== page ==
"Festivus is here! Which means it’s time to unbottle any pent-up anger to confront whatever or whoever has gotten under your skin this year – and later this month the Tampa Bay Times will publish these grievances."

"The Belvedere is one of the Georgian Quarter's many great pubs."

"Real talk: how does Santa get down the chimney? Mac Barnett has been wondering since he was a little kid."

"From making the perfect present to finding the cheapest way to send it, here’s how to spread festive cheer on a budget."

"A Christmas grotto that was built without planning permission could be ordered to be taken down by a council."

"'A very Mary Christmas'- Richard Slee reports on Tudor Christmas celebrations at Portsmouth's historic dockyards."

"Jen Hogan: And yet the complicated and complex operation of household appliances and in particular the lowly washing machine, remains a mystery to them."

"NI’s leading retail and leisure destination, The Junction, is on the lookout for NI’s most playful pup as it looks to appoint an official doggie toy tester in the run up to Christmas."

A History of the BBC in 100 Blog Posts: 1986.

If like me you're old enough to remember when your school had a single computer and it was a BBC Micro, you'll perhaps also have some memory of contributing to The Domesday Project.  There's full information below and access to a very good online emulator.  For the first time in decades I can have a look at the database and see if anything my primary school, Stockton Wood in Speke was actually included.

It was.  Most of the content is by Class 4S, the other cohort in the 4th year juniors (what's now called Year 6) who contributed the introduction, shopping survey (more seats, a sports shop, less litter) and a number of poems ("People say Speke is terrible / But I do not think so / AND I LIVE HERE!").    The section about Liverpool Airport is from "C.H. Elwood and class 4E" who also penned the entry about Speke Hall.  

Nothing I wrote has been included.  But Sonia Ely (who I only vaguely remember but recognise from her photo at Liverpool Airport) managed to get her interview with Reverend Amos from All Saints Church in and the entry about All Saint's Church is by Sharon Wycherley who I do remember (and was featured in a Liverpool Echo piece about the Fusion Festival in 2018 when she was 44 so that tracks).  We used to sit in the playground making daisy chains together.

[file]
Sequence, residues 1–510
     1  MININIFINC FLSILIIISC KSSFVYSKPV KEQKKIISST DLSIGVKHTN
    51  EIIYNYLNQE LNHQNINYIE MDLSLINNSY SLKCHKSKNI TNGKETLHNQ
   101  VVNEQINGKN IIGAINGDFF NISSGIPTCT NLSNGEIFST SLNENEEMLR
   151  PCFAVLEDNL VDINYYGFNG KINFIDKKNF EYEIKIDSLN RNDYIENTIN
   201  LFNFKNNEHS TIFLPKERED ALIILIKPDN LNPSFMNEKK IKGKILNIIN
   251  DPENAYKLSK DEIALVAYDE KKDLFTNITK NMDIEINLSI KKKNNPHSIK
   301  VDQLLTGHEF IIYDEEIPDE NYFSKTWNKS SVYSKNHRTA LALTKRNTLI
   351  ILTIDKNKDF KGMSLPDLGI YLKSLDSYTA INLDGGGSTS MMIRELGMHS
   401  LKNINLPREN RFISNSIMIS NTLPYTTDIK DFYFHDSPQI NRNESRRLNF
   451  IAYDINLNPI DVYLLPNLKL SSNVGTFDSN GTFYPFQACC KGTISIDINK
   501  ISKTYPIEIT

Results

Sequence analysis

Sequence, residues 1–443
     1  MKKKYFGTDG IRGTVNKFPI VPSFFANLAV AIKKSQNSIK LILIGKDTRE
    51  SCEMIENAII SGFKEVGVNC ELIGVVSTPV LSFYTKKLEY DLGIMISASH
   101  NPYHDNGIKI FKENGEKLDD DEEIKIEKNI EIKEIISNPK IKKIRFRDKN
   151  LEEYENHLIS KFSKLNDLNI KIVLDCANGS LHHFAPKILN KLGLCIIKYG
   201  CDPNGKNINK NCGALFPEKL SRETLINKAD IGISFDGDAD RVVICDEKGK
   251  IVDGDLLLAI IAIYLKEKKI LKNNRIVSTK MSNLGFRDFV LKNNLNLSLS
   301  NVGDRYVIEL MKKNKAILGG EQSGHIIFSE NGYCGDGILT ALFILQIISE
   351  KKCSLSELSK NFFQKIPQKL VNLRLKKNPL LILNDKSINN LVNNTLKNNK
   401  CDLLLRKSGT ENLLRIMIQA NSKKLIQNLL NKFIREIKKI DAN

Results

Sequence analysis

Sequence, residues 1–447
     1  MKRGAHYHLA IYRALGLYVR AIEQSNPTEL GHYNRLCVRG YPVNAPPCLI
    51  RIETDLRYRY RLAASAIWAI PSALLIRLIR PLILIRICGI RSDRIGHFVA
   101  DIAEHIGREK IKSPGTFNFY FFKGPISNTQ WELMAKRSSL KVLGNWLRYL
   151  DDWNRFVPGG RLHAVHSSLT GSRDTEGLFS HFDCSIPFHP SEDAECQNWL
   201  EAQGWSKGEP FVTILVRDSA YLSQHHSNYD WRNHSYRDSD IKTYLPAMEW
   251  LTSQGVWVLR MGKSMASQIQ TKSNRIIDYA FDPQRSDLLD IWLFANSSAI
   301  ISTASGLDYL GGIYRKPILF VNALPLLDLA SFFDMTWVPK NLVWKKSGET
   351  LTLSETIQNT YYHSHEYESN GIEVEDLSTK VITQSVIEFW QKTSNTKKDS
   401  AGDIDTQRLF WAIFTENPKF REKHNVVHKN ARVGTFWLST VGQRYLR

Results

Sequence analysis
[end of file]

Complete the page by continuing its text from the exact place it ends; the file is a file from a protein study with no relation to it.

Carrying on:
The only photograph is the one above, of the roundabout at junction of Central Avenue and Western Avenue, which I remember well because my own house on Lovel Road was about half a kilometre directly ahead.  I'd also have to get off the bus on that corner sometimes when getting the bus back from secondary school.  I once told a girl I had a crush on that loved her standing next to that red telephone box.  She laughed in my face.  Good memories.

Here's roughly the same place, as close as I can get on Google Maps.  Some things have been renewed, the phone box has gone and you can see what the latest buses look like.  This view was taken in 2021.  Scrolling a bit further up the roads takes us unto April 2023 and even that junction box has gone.  The roundabout is still there but couldn't get a good angle.  The trees are still there too, but older.  The more the world is changing, the more it stays the same.

The only occasion I was able to use the project itself was for a limited time at Central Library, where it was hidden in a wooden television display case on the stage in the old International section (where the children's books are now).  I ventured up gingerly and sat in front of it, but was frankly too young to have the patience to navigate the various screens (something which is still cumbersome today).  Incredible achievement just slightly to early to be done justice by the technology.

The Domesday Project

"In 1986, 900 years after William the Conqueror’s original Domesday Book, the BBC published the Domesday Project. The project was probably the most ambitious attempt ever to capture the essence of life in the United Kingdom. Over a million people contributed to this digital snapshot of the country."
[Domesday Reloaded @ The National Archives]

"A segment from BBC Newsround in November 1986 about the Domesday Project. With footage from the Acorn Domesday exhibition stand."
[The Centre for Computing History]

"In addition to offering access to a number of working BBC Domesday systems here at the museum, we wanted to share a virtual method of exploring the system through an emulator that works in your browser.  You can explore the discs of the BBC Domesday system in a fully emulated BBC Master with an LVROM player."
[Centre for Computing History]

"Domesday86 is a project that aims to recreate the experience of the original BBC Domesday project using modern hardware and software. On this site you will find a growing collection of documentation for the original Acorn/BBC Domesday project as well as details of the Domesday86 project itself."

"Jeffrey Darlington, Andy Finney and Adrian Pearce describe the groundbreaking BBC Domesday Project of 1986, and explain how its unique multimedia collection has been preserved."

"The BBC Domesday Project began in 1986 when the public were invited to contribute images and text about their local areas for hosting on a leading edge technology of the day, the Advanced Interactive Video System. In 2011, the project was very successfully resurrected as the Domesday Reloaded Project with new contributions and as an online resource on the internet."
[Computer Weekly]

"The entry for Stanford in the Vale and the surrounding area, created by children at the Primary School, is repeated below. It provides a unique "snapshot" of the village as it was 38 years ago."
[Stanford in the Vale]